Declaring and using SQL variables
Part three of a three-part series of blogs

Variables in SQL always begin with @, and allow you to program more efficiently. Learn the tips and tricks in this short series of blogs!

  1. Variables in SQL
  2. Uses of Variables in SQL
  3. Tricks with Variables in SQL (this blog)

This blog is part of our full SQL tutorial.  The real-world equivalent (classroom courses with small groups) can be found at our SQL training pages.

Posted by Andy Brown on 03 January 2013

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Tricks with Variables in SQL

This pages lists some non-intuitive tricks which work when using variables in SQL.

Reading Column Values into Variables

Provided that a SELECT statement returns a single row of data, you can read the values into variables:

Detalis of most expensive film

Our SQL will show the name, Oscars and length for the most expensive film in the database.

 

Here is a query which would accomplish this:

-- create variables to hold column values

DECLARE @FilmName varchar(100)

DECLARE @Oscars int

DECLARE @RunTime int

 

-- read the most expensive film into these variables

SELECT TOP 1

@FilmName = FilmName,

@Oscars = FilmOscarWins,

@RunTime = FilmRunTimeMinutes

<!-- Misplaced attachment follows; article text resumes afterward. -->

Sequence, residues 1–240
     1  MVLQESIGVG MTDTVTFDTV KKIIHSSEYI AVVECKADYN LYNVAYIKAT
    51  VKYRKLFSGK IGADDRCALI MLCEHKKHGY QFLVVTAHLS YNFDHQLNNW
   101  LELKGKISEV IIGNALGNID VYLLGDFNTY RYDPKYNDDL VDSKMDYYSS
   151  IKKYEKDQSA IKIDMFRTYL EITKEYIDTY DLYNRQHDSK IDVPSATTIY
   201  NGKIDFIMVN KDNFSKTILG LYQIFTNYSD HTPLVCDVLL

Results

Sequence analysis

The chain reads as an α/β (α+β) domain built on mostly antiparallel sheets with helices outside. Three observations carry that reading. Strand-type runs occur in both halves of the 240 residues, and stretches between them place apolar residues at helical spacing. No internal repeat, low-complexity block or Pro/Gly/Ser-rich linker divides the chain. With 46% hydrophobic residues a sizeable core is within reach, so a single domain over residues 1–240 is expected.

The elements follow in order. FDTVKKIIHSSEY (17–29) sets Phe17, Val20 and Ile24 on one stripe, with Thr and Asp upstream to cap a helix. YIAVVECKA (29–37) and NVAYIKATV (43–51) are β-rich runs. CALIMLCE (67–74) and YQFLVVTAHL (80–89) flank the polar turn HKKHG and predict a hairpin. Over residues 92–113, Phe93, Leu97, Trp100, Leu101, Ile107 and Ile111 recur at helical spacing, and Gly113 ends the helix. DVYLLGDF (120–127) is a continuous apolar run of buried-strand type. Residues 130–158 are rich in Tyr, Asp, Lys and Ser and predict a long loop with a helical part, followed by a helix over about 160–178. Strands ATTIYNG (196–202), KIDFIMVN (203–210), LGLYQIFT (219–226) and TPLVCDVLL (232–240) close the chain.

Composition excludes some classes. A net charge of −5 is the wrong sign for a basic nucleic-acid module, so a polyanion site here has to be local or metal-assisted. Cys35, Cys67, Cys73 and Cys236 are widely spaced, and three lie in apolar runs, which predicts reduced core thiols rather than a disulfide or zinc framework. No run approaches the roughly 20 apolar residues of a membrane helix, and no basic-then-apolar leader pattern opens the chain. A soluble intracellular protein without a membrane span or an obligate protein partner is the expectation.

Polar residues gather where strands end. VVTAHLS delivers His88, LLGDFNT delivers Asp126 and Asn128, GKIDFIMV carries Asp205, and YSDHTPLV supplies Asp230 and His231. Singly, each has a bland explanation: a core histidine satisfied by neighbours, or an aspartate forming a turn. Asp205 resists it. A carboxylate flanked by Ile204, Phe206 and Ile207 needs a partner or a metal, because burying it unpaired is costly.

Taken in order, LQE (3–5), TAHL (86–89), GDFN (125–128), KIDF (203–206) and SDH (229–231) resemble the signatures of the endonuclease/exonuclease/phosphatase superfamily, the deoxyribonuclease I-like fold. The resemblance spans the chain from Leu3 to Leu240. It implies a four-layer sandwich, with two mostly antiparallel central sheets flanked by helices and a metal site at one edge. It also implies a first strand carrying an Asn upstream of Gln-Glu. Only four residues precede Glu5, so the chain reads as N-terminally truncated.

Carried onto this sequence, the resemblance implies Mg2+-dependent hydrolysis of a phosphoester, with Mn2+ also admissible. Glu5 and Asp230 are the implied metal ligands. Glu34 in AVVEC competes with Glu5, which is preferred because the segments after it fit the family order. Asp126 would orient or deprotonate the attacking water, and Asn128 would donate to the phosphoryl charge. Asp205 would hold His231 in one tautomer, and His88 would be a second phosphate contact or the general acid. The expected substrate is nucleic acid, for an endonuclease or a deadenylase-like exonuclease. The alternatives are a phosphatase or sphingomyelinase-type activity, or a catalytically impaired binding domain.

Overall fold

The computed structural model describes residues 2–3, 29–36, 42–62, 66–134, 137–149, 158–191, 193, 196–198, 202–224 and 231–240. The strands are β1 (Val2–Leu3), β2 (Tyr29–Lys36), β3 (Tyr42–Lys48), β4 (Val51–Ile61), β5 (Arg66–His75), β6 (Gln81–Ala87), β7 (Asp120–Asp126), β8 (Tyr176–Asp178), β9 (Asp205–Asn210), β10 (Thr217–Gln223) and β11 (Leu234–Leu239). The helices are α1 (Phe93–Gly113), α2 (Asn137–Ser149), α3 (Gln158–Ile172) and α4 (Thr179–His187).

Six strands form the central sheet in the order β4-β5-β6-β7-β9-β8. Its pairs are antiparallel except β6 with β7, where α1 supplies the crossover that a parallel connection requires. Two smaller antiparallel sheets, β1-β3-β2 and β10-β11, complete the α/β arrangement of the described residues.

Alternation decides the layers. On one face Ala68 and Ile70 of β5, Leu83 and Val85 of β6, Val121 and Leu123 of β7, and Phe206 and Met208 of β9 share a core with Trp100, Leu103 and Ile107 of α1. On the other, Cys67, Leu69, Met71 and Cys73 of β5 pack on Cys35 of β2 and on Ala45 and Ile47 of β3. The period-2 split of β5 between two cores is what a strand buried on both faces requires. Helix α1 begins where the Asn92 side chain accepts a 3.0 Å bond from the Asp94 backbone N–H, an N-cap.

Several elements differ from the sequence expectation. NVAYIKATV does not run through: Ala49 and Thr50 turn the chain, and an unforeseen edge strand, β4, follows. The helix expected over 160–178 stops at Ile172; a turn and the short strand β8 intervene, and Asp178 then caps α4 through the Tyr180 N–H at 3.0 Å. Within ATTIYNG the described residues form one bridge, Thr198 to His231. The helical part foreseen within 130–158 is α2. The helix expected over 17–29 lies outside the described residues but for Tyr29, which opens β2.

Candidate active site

FROM

tblFilm

ORDER BY

FilmBudgetDollars DESC

 

-- show results

SELECT

@FilmName AS 'Most expensive film',

@Oscars AS 'Oscars won',

@RunTime AS 'Length in minutes'

I admit I've rarely - if ever - used this technique!

Accumulating Values for a Field

Of rather more use, perhaps, you can accumulate values (whether text or numbers) in variables within a SELECT statement:

-- variables to hold info

DECLARE @TotalOscars int = 0

DECLARE @FilmIds varchar(MAX) = ''

 

-- loop through films winning lots of Oscars

SELECT

@TotalOscars = @TotalOscars + FilmOscarWins,

 

-- add on a comma for all but first film

@FilmIds = @FilmIds +

CASE

WHEN len(@FilmIds) = 0 THEN ''

ELSE ','

END + CAST(FilmId AS varchar(10))

 

FROM

tblFilm

WHERE

FilmOscarWins > 7

 

-- show results accumulated

SELECT

@TotalOscars AS 'Total Oscars',

@FilmIds AS 'Film ids'

This query would return the following for the Wise Owl movies database:

Number of films, and ids

The query has accumlated the total number of films, and created a comma-separated list of their ids.

 

The above technique can be used to avoid using cursors to loop over the rows in a table.

Many of the other parts of this SQL blog use variables, but that's the end of the theory about them!

  1. Variables in SQL
  2. Uses of Variables in SQL
  3. Tricks with Variables in SQL (this blog)
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